Was this experience helpful?
We take him out about every 2 hours or sooner and he knows to pee outside. Sometimes he goes on the pee pads if we get too busy and forget. Our problem is at night. I think we may be doing it wrong. We have a large area in a room that we have put a fence around so he has his bed and a good area to move around. Also some pee pads. We take him out at night before we go to bed and he does pee on the pads at night but he also tears them up and the area is a mess and smells of using because it's all over his area and his toys etc. We really don't want to take him out at 3am because he will get in the habit of that we think. What are we doing wrong. If he would just pee on the pads and leave them we would be ok I think.
Hello Rebecca, Set up an audio baby monitor next to a crate and crate him at night. He will probably wake up to go potty once during the night. When he does, take him outside on a leash - keep it super boring, don't talk to him, let him play after, give food, or do anything else fun...Think sleepy, quiet bathroom break. After he goes potty, put him straight back in the crate and go back to bed. For the first week you will probably have a lot of crying, and I know you will be tired taking him potty at night, BUT in the long run this approach tends to be WAY easier and safer. Because of his eventual size and age you absolutely need to stop using pee pads. Dogs that will be trained to potty outside shouldn't be using paper or pee pads past 7 weeks of age of it can lead to accidents on carpets and rugs and that can be hard to unlearn for a dog - and his accidents will be huge. Check out the crate training article linked below and follow the crate training method and the tethering methods. Crating at night is a lot safer. As he gets older he will likely go through two destructive chewing phases, the next one his jaws will be stronger and he will be able to chew through things and swallow pieces - this happens between 6-9 months usually and you want a dog to be really well crate trained already by this time, and the longer you wait to do that the harder it will be. Potty training with crate: https://wagwalking.com/training/train-a-german-shepherd-puppy-to-poop-outside Check out the Surprise method from the article linked below for tips on how to introduce the crate - don't let him out while he is crying or it will take much longer to teach. He needs to opportunity to learn to self-sooth in the crate unless you know he needs to go potty. Wait until he is quiet for a second before you let him out. Surprise method: https://wagwalking.com/training/like-a-crate If you keep trips outside super boring at night and straight back to bed after, use a monitor to listen for when he wakes instead of setting an alarm and waking him up, and ignore any crying that's not a need to go potty, then most pups will outgrow nightly wake-ups in about a month as their bladders get bigger - because it doesn't become behavioral. Loss of sleep is unfortunately just part of raising a puppy and shortcuts tend to cause a lot more work later on undoing bad habits. Best of luck training, Caitlin Crittenden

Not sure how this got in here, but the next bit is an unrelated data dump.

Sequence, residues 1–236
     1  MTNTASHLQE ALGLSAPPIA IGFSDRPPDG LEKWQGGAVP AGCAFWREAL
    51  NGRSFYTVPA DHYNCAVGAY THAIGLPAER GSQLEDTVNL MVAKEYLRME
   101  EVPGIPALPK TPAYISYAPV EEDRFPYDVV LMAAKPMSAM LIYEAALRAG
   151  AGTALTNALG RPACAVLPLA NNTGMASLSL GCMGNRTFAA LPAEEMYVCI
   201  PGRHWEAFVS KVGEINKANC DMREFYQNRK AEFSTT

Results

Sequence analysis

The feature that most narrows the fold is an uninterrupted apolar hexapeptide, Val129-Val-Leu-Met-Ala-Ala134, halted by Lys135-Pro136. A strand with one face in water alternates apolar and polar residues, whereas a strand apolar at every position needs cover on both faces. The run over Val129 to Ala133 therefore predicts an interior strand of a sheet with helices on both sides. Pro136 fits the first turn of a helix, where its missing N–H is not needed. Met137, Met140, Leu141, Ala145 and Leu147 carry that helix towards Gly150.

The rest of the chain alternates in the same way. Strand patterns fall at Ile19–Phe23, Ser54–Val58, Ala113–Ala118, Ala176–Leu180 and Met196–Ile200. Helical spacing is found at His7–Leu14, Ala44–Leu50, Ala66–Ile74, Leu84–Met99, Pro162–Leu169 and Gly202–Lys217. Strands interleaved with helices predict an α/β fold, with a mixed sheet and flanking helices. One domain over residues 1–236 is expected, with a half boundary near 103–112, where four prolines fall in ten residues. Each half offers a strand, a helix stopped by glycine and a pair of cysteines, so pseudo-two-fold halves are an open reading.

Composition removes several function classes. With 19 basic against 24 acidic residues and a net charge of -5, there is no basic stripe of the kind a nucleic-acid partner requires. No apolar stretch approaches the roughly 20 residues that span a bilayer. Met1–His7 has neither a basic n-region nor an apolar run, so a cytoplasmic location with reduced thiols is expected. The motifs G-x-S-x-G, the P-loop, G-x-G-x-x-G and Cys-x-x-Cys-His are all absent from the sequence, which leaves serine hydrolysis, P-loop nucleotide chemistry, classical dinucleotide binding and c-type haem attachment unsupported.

Was this experience helpful?
Got him last Wednesday had a few accidents in the house that day. Started taking him out about every 2 hours. He was in a shelter. Sunday he started peeing and Pooping in the house. Don’t know why. Any help greatly appreciated
Hello Connie, It is very likely that he has never been potty trained before and simply needs to be taught from scratch. Check out the article linked below and follow the Crate training method found there. You can also use the Tethering method when you are home to keep him from wandering away and finding a spot to go, but the crate training method normally helps teach a pup how to hold it instead of going as soon as they first feel the urge. Keep potty trips outside frequent also - like the method from the article below describes. Crate Training and Tethering methods: https://wagwalking.com/training/train-a-german-shepherd-puppy-to-poop-outside If pup continues having accidents despite following the crate training method very closely and taking pup out frequently, then I also suggest a visit to your vet to rule or something medical like a urinary tract infection (which can be related to frequent peeing) or a gi issue such as parasites (which can lead to frequent bowel movements among other things). I am not a vet though so consult with your vet for any potential medical concerns or questions. Finally, pay attention to when the accidents happen. Are they only happening when puppy is excited, someone touches them, gets loud, or first gets home. If so, the issue may actually be excited or submissive peeing and not a traditional potty training issue - which is addressed a bit differently and also common in young puppies. Best of luck training, Caitlin Crittenden
Was this experience helpful?